Maverick: Thank you for saving my life.
Rooster: My father would do the same.
This sort of complex wordplay is often left off in big budget action movies, but such are the many layers of Top Gun Maverick that it seems right at home here.
BREAKING THE ICE
Val Kilmer is the only member of the original cast to join Tom Cruise in the sequel, returning as Ice-Man. This produces a brief but genuinely emotional moment where Ice’s struggle with throat cancer was scripted in to mirror Val Kilmer’s real struggle with throat cancer in a meeting with Maverick. There is obviously still a lot of love between the two men, and the tears seemed almost real.
MAVERICK HAS A DEATH WISH
As well as a callous disregard for expensive government equipment, Maverick seems rather cavalier about his own well-being. This death wish is depicted throughout the movie where he steadfastly refuses to wear a helmet while riding his motorcycle (although oddly he keeps his flying helmet on even while running through the forest after ejecting from his plane). Perhaps it is the only way for the producers to prove to us that it is indeed Tom Cruise doing his own stunts on the bike.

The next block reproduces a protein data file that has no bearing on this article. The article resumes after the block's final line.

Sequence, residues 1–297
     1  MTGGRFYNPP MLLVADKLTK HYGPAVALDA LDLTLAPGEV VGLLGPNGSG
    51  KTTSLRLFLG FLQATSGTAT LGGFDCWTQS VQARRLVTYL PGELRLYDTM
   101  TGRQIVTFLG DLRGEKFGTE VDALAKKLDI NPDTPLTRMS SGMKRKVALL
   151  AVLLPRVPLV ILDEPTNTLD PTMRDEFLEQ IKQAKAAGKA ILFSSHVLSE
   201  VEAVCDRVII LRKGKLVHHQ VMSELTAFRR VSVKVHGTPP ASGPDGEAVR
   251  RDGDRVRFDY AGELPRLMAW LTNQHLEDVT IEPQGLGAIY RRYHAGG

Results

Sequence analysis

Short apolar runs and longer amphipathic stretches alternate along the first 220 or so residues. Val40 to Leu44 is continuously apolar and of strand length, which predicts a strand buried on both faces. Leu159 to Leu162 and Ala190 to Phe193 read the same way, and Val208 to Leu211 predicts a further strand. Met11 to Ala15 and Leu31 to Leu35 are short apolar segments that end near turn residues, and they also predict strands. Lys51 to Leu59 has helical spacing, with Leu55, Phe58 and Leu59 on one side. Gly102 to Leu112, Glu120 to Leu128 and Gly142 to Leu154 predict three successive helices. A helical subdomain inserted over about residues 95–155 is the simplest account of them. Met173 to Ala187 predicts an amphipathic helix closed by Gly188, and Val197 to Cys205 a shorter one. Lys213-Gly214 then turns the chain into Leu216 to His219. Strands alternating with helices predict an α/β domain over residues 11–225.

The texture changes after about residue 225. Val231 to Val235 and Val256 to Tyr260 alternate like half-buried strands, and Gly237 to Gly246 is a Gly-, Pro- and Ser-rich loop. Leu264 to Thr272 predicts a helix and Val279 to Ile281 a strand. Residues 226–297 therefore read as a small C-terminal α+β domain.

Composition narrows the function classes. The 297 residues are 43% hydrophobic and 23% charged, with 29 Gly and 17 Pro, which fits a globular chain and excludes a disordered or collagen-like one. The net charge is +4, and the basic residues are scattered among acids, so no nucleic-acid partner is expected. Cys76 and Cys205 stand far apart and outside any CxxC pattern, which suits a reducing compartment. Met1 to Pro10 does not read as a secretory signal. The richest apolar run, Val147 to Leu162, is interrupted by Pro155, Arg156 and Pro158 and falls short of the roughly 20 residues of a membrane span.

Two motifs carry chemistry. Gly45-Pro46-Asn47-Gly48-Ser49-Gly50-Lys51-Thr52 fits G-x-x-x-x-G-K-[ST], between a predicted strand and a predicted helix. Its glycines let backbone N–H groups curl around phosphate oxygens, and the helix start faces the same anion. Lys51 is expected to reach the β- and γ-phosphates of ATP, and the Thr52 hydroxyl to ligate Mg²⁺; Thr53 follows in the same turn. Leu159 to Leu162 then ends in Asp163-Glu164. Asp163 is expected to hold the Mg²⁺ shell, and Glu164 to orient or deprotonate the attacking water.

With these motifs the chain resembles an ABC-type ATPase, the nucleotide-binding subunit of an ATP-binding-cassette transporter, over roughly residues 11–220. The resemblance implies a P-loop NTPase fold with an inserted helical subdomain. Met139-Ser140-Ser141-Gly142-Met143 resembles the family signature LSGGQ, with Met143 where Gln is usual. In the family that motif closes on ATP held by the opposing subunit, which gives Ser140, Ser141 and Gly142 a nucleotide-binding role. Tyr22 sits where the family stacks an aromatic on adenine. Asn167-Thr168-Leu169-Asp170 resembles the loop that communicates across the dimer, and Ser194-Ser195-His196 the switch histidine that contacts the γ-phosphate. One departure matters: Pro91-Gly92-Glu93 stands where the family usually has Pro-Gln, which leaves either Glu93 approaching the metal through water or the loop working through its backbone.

USING THE FORCE
The mission to destroy the uranium enrichment plant is a carbon copy of the mission Rebel fighters use to destroy Death Stars in Star Wars. This includes Rooster using his instinct to launch bombs rather than laser guidance. This instinct is voiced as “don’t think, just do.” (Hopefully this sentiment is not repeated by the audience while driving cars or going on dates.) Just like Luke Skywalker, Rooster is able to land his bombs perfectly and destroy the reactor. And just like in Star Wars, enemy pilots and ground crew remain faceless storm troopers so we don’t care when they die defending their homeland.
PRETTY COOL AERIAL FOOTAGE
If you are into fighter planes doing tight manoeuvres, there is plenty in the movie for you. Much of the 130-minute running time is devoted to planes in motion. So in that respect, you get what you pay for. But like a porn film that adds in a story line and dialogue best appreciated in fast forward between action sequences, Top Gun Maverick is let down by a screen play that would have failed a high school project for being too cliched, acting that has all the subtlety of a pantomime, and a soundtrack that is 80s schlock rock at its worst.
As a friend pointed out, It’s Top Gun the sequel! Not the Grapes of Wrath with Henry Fonda! And she is right. I didn’t exactly go in there thinking arthouse classic. I expected cheesy 80s style action with a healthy dose of American exceptionalism. And in that respect, my expectations were matched perfectly!
It was not like the movie was pitched as a deep journey into the dark heart of America’s military-industrial complex and the conflicting emotions of the men and women who carry out morally ambiguous orders from above…
Am I glad I watched Top Gun Maverick? Well, the tickets were free, but my time is valuable, so I’m not sure I got my money’s worth.